Festival Director Tony Gittens tells me that Filmfest DC is the only festival in the world that has a Justice Matters award. I had the privilege of serving on the jury for Filmfest DC’s 2011 Justice Matters series, made possible by the locally based CrossCurrents Foundation. It’s unusual for small foundations to focus on social justice issues, but CrossCurrents is firmly grounded in support of art that creates social change.
This year’s series featured five powerful and uniquely different films. “Tears of Gaza” presents, without narration, never-before-seen, and in some cases highly graphic, footage from within Gaza during the 2009 Israeli military assault. “Crime After Crime” takes a very personal look at the unjust incarceration of women who have suffered from domestic abuse. “I Am Slave” is a fictional narrative that told the first person story of a young Sudanese girl enslaved and sent to London. “Nostalgia for Light” juxtaposes the celestial observatories of the Atacama Desert in Chile with the search for the remains of Pinochet’s victims in their shadows. “The Green Wave” takes audiences inside the green revolution that forever changed the course of Iranian politics, a story told through interviews, blogs, twitter feeds and animation.
While each of these films deserves exclusive recognition, the jury for Justice Matters unanimously agreed that one film stood out as embodying the mission to bring awareness into action. That film was “Crime After Crime.”
Director Yoav Potash said in accepting the award, “Through this film and our outreach campaign, we aim to reform our legal system so that other victims of abuse do not have to suffer the injustices that Deborah Peagler endured.”
Deborah Peagler, known as Debbie, is the protagonist whose story and depth of character tugs at the heartstrings of any social justice seeker. “Crime After Crime” tells the story of two attorneys, one a long distance runner and the other an Orthodox Jew, who take on what becomes a six year battle to free Debbie from a verdict that put her in jail for 25 to life.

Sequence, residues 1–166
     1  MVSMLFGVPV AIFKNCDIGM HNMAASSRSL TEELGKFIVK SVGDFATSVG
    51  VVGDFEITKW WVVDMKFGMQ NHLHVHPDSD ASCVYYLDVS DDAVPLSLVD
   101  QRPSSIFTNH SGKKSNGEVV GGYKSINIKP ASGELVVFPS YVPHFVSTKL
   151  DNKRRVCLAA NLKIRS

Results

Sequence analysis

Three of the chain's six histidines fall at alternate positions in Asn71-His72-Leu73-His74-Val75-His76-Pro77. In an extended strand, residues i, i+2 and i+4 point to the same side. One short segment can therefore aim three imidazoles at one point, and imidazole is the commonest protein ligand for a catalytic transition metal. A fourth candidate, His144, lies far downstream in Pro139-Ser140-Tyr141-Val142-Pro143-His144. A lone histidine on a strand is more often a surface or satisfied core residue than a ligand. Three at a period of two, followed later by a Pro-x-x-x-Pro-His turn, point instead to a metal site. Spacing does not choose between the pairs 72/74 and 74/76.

Debbie was a victim of domestic abuse as a young woman, and in a tragic mistake, she was made culpable in the death of her abuser. But the evidence of her abuse was not permitted in court and she was threatened with the death sentence for not pleading guilty to first degree murder.
Decades later, the story of her quest for freedom is a story of corruption, obstruction of justice and extreme endurance for victim, advocates, family and filmmaker. In the bigger picture, “Crime After Crime” points out that 80% of women incarcerated in the United States are victims of domestic abuse.
But “Crime After Crime” is not just a narrative, it is a campaign within and without the film. Potash said he began editing works in progress almost as soon as he started filming. The result was clips that could easily be absorbed by local news outlets. Meanwhile Potash becomes part of the story, with the camera called out for turning points and confronting antagonists.
Audiences aren’t exempt from the action. Before walking into the theatre, each person is handed a card with information on Debbie’s Campaign and a pen lest anyone protest. More than a few can be seen frantically filling out the form to donate when walking back out.
“Crime After Crime” and its Justice Matters peers demonstrate clearly that art can be a catalyst for social justice. Filmfest DC audiences claimed their own vote for social justice –“The Green Wave” won this year’s documentary audience award. For the second year in a row a Justice Matters series film holds this honor.